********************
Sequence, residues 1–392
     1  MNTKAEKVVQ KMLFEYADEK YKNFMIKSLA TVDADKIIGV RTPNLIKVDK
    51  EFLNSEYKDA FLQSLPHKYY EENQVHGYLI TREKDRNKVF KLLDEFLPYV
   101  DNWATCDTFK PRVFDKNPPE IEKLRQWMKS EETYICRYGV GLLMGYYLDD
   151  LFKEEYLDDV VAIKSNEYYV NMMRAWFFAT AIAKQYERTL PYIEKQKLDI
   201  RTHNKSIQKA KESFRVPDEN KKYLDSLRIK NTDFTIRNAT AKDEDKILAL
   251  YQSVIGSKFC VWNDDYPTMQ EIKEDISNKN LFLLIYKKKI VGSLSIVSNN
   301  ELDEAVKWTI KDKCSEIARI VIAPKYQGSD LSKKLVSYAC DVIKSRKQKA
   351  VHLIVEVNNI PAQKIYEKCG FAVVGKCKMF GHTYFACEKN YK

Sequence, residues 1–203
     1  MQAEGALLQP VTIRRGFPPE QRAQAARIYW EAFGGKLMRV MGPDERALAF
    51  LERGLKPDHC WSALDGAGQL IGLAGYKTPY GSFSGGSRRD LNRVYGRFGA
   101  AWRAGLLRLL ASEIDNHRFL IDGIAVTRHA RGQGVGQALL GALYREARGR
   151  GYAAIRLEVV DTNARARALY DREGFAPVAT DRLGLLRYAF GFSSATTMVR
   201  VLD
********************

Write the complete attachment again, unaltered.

Sequence, residues 1–392
     1  MNTKAEKVVQ KMLFEYADEK YKNFMIKSLA TVDADKIIGV RTPNLIKVDK
    51  EFLNSEYKDA FLQSLPHKYY EENQVHGYLI TREKDRNKVF KLLDEFLPYV
   101  DNWATCDTFK PRVFDKNPPE IEKLRQWMKS EETYICRYGV GLLMGYYLDD
   151  LFKEEYLDDV VAIKSNEYYV NMMRAWFFAT AIAKQYERTL PYIEKQKLDI
   201  RTHNKSIQKA KESFRVPDEN KKYLDSLRIK NTDFTIRNAT AKDEDKILAL
   251  YQSVIGSKFC VWNDDYPTMQ EIKEDISNKN LFLLIYKKKI VGSLSIVSNN
   301  ELDEAVKWTI KDKCSEIARI VIAPKYQGSD LSKKLVSYAC DVIKSRKQKA
   351  VHLIVEVNNI PAQKIYEKCG FAVVGKCKMF GHTYFACEKN YK

Sequence, residues 1–203
     1  MQAEGALLQP VTIRRGFPPE QRAQAARIYW EAFGGKLMRV MGPDERALAF
    51  LERGLKPDHC WSALDGAGQL IGLAGYKTPY GSFSGGSRRD LNRVYGRFGA
   101  AWRAGLLRLL ASEIDNHRFL IDGIAVTRHA RGQGVGQALL GALYREARGR
   151  GYAAIRLEVV DTNARARALY DREGFAPVAT DRLGLLRYAF GFSSATTMVR
   201  VLD